Rape of the Sabine Women


Rape of the Sabine Women


There was no rush, no rush at all

except for the wind

against that slow rise and the fall

of those breasts

and her belly whilst he paused

to draw breath

and she lay there, all but naked

and so shamelessly sprawled ..

Twas there, midst

torn sackcloth and straw where

she bled, that he

spoke to her in tongues and said ..

You may once have been beautiful

yet by no means

tho’ the most beautiful of them all ..

Since tomorrow

we shall each march upon Antemnae

and then take her too ..


  • Author: Neville (Offline Offline)
  • Published: January 12th, 2023 04:29
  • Category: Unclassified
  • Views: 37
  • User favorite of this poem: L. B. Mek.
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  • Fay Slimm.

    Outrageously kidnaped and then often raped these women raised the hackles of many a painter or writer and gave Roman soldiers a history of eternal shame that others have unfortunately followed time and again since then..... oooh am on my soapbox after reading your vivid pen-painting of those Sabine victims. Romulus had a lot to answer for methinks amigo eh ?..............x

    • Neville

      your pose there atop that soapbox is indeed a pretty picture .. and I am delighted you saw beyond the surface of the canvas I have barely scribbled here today dear Fay .. x

    • orchidee

      A poetic write N.
      Well, ignoring the title, this can't be about KP and I. Or you been spying on us?! lol. I will give her sackcloth and straw to lie on. heehee.

      • Neville

        if the truth be known .. I spy on no one .. yet I keep my eye on those that do & truly 🙂

        • orchidee

          Is KP sabine? I dunno.

        • MendedFences27

          Mythologically, this could be a scene between Jupiter and Terra Mater with Jupiter appalled by the actions of the Romans. As written, I see it as an encounter between a Roman soldier and a Sabine woman. What followed were years of many wars and expansion of the Roman Empire. In today's parlance it is an example of sexual harassment of women. Will it ever be otherwise? A real eye-opener this one. - Phil A.

          • Neville

            in fact, you are absolutely on target MF27 sir & for which I thank you hugely ....... Neville 🙂

          • L. B. Mek

            how Brave!
            before, ever
            we try to contemplate
            just how depraved our hu'man' inheritance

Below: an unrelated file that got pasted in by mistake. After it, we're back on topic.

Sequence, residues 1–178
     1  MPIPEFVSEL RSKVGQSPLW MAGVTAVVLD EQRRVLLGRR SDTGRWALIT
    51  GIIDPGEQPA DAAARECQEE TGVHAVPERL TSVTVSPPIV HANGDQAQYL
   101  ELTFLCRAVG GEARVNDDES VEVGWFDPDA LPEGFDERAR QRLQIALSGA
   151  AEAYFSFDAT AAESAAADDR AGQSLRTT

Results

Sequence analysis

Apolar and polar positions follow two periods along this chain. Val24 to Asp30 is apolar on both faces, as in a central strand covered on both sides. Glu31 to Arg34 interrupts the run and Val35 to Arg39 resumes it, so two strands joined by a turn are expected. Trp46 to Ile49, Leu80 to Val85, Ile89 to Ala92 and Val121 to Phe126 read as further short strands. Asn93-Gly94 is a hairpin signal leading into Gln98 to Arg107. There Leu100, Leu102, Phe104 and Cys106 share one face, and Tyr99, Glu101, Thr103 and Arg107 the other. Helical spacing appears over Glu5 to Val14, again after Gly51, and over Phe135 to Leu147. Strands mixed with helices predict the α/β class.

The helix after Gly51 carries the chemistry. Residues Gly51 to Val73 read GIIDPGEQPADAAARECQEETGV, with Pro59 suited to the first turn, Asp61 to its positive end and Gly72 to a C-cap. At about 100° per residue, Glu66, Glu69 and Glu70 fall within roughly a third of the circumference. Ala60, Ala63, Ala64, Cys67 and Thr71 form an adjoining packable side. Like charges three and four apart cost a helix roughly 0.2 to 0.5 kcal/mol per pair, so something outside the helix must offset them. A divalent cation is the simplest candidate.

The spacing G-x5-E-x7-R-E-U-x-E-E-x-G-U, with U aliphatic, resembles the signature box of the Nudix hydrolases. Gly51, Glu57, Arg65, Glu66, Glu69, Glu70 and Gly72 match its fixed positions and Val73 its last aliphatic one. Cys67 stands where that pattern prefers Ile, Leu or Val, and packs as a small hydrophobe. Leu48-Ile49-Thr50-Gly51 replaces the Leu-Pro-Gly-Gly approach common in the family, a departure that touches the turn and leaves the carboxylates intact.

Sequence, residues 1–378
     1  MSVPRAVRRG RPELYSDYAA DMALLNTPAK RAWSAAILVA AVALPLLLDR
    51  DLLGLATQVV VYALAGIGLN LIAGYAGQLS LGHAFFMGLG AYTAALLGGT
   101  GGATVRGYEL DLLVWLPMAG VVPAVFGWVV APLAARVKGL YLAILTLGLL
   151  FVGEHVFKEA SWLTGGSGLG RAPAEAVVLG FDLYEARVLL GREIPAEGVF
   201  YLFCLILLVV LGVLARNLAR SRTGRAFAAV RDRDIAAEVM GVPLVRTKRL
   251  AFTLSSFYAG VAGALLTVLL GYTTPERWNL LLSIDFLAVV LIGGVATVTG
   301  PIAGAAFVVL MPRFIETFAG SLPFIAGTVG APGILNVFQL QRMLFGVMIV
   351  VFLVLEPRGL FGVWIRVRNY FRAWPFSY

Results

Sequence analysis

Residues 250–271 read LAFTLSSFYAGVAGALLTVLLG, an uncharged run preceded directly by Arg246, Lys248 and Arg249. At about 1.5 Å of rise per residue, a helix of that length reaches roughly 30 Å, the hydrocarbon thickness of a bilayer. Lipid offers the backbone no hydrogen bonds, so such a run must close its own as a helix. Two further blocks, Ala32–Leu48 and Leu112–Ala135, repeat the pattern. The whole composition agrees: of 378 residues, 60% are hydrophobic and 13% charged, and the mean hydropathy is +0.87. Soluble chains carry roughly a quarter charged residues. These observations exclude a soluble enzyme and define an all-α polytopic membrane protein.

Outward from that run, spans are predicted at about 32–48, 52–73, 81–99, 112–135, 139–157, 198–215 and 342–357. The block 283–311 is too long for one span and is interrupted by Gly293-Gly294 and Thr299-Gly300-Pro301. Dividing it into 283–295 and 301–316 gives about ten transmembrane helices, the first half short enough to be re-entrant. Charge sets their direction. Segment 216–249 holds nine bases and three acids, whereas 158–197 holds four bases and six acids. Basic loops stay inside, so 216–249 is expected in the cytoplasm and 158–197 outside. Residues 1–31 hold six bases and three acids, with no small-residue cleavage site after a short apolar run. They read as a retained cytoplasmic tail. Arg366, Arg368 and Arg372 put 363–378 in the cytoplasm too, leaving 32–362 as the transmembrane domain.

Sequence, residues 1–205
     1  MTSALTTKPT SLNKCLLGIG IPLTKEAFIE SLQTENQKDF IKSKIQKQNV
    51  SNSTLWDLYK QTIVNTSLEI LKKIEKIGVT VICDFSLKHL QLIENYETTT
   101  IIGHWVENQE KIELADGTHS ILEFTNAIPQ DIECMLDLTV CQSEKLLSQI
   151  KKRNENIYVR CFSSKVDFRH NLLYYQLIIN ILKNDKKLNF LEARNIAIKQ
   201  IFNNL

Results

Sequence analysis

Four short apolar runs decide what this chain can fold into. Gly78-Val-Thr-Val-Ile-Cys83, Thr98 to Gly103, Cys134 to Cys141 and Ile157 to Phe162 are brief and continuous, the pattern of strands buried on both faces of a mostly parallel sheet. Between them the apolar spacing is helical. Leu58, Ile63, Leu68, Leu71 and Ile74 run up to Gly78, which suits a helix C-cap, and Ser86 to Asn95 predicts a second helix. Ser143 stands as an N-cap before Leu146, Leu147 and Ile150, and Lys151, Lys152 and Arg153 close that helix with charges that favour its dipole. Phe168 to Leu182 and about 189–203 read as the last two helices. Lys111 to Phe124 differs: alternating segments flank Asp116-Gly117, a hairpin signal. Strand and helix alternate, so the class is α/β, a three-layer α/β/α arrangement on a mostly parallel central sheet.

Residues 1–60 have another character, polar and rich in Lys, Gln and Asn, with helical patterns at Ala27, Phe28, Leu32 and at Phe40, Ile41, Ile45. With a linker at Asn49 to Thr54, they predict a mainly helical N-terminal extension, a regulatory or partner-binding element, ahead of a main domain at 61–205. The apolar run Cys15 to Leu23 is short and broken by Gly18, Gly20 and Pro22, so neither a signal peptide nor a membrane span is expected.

as existence, is
            we must first, look-up
            the etymology of the word, 'Havoc'
            its very existence in modernity's vocabulary
            and its very meaning to all the victims, it encapsulates
            the word, ever existed even
            far, far back
            to Euripides and 'The Trojan Women'
            the very tragedies and horrific acts
            being carried out
            on those 'battlefields' of Ukraine,
            and all the wars around the world,
            this very minute...
            (were I a man, gifted
            the wisdom of genuine empathy
            how, dare i look upon the rage
            and justified wrath of a lady
            without being singed
            by the very pain, boiling
            in her pulsing DNA of inherited suffering)

            • Neville

              I am again magnificently indulged ..

            • Natalie Gladmir

              The motivation behind the abduction of the Sabine women is contested among ancient sources. Livy writes that Rome's motivation for abducting the Sabine women was solely to increase the city's population and claims that no direct sexual assault took place during the abduction. Livy says that Romulus offered the Sabine women free choice as well as civic and property rights. According to Livy, Romulus spoke to each of them in person, declaring "that it was all owing to the pride of their parents in denying right of intermarriage to their neighbours. They would live in honourable wedlock, and share all their property and civil rights, and – dearest of all to human nature – would be the mothers of freemen."
              What do you think about this historical analysis, dear author?

              • Neville

                Hello & thank you for showing such an interest in my little scribble .. I am grateful too for the question you have raised .. I will do my best to answer it write now .. Whilst aware of the oft cited historical motivations and background to said incident as per your generous review I must confess, I suspect Livy knows more about it than me .. Whereas my own very much open to interpretation portrayal is filled to the point of overflowing with poetic license .. Nevertheless, please note, I have subsequently tweaked the original and hope it meets with your approval ..

                Many thanks my friend and wishing you All Good Things .. Neville

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